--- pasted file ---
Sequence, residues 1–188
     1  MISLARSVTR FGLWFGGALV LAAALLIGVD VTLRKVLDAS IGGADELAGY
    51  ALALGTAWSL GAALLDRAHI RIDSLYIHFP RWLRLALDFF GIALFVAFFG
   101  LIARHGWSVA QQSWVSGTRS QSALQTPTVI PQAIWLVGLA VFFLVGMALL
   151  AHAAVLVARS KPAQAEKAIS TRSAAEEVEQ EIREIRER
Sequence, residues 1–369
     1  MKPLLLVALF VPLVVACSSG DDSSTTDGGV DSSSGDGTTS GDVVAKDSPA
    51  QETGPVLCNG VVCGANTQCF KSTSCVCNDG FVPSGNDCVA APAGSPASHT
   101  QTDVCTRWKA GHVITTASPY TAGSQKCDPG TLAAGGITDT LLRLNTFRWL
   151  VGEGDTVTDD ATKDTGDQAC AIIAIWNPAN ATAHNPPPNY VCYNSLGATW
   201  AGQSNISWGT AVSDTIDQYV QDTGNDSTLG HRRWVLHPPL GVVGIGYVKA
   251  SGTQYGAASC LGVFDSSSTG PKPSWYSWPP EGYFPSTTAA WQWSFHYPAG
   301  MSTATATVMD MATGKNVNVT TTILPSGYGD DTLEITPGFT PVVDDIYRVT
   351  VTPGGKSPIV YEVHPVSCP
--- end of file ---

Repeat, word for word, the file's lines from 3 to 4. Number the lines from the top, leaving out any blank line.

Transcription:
    51  ALALGTAWSL GAALLDRAHI RIDSLYIHFP RWLRLALDFF GIALFVAFFG
   101  LIARHGWSVA QQSWVSGTRS QSALQTPTVI PQAIWLVGLA VFFLVGMALL